Appearing on a multitude of panel sessions at the forthcoming EUROMAT Summit in Monte-Carlo in June, EUROMAT President Jason Frost speaks to G3 ahead of the conference about the relevance of the organisation, the future for the amusement and gaming industry in Europe and what’s next for the trade body in 2018.
How do you describe EUROMAT?
The European Gaming and Amusement Federation is the voice of land-based gaming entertainment industry in Europe. We are a collaboration of European trade associations, which two years ago agreed to open its membership to corporate members, as prior to that only trade associations were eligible to join. I also want to stress that as a European association, our members extends beyond the European Union to the entire geography of Europe and act as a lobbying body and hub to share information across the entire continent.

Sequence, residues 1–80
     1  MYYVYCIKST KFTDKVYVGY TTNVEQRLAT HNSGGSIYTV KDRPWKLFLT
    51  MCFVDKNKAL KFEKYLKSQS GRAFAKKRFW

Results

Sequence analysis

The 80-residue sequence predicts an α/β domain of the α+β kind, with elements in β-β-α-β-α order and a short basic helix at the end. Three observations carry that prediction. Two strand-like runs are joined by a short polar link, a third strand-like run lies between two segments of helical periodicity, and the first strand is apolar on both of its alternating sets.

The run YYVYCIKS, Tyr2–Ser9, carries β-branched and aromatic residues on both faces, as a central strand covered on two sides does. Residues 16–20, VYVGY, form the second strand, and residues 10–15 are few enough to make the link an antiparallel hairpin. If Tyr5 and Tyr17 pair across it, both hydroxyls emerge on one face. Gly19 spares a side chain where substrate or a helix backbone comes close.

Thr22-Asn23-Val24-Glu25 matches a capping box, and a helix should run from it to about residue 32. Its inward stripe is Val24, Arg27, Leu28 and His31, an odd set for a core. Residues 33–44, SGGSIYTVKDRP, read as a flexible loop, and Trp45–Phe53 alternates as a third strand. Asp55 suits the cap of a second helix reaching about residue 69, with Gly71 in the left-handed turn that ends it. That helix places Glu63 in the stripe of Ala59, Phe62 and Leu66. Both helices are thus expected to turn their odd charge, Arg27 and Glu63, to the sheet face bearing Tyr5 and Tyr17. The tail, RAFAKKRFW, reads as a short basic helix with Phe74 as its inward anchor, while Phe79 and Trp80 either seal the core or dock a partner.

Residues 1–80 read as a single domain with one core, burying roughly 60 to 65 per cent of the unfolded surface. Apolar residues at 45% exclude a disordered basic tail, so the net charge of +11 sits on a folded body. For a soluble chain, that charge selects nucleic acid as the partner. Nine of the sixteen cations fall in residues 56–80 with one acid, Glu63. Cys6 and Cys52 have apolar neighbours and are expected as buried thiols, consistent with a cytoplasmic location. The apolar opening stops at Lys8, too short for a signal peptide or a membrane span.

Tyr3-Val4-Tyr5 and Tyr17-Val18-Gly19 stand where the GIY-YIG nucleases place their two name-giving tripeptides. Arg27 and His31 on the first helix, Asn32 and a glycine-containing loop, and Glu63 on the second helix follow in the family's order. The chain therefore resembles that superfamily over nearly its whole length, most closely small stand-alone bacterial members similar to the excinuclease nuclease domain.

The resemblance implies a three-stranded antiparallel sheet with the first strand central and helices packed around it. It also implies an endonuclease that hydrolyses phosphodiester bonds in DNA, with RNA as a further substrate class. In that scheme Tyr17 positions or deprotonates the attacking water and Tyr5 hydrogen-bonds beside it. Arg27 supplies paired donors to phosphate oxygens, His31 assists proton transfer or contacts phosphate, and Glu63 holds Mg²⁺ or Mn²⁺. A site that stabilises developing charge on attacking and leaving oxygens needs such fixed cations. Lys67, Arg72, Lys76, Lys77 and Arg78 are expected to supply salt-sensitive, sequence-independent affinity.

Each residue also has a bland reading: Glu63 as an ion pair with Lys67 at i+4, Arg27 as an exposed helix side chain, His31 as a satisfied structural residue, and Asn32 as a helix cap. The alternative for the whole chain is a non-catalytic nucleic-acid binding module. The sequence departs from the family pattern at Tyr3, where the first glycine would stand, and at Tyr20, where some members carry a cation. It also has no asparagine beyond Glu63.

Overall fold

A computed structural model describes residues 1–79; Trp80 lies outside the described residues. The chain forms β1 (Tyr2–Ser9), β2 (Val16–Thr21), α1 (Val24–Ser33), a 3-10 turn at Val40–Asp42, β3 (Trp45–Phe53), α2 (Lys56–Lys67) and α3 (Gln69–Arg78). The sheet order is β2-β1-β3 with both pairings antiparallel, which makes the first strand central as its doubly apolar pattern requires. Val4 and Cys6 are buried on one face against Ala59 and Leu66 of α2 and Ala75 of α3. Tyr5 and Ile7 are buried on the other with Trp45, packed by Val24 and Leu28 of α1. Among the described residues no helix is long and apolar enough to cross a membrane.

EUROMAT offers support for amusement and gaming products in countries in which it is legal to operate those machines, which includes the sharing of information, research and lobbying on behalf of our members. We have a legal tracker, which is a specialised team that monitors the legal implications for gaming and amusements in both Europe and individual member states, which is sent to all members. I see EUROMAT as a forum for members to share best practices irrespective of the differences we face country-by-country. Every market is dictated by its own gaming law – what EUROMAT is able to do is influence at a different level.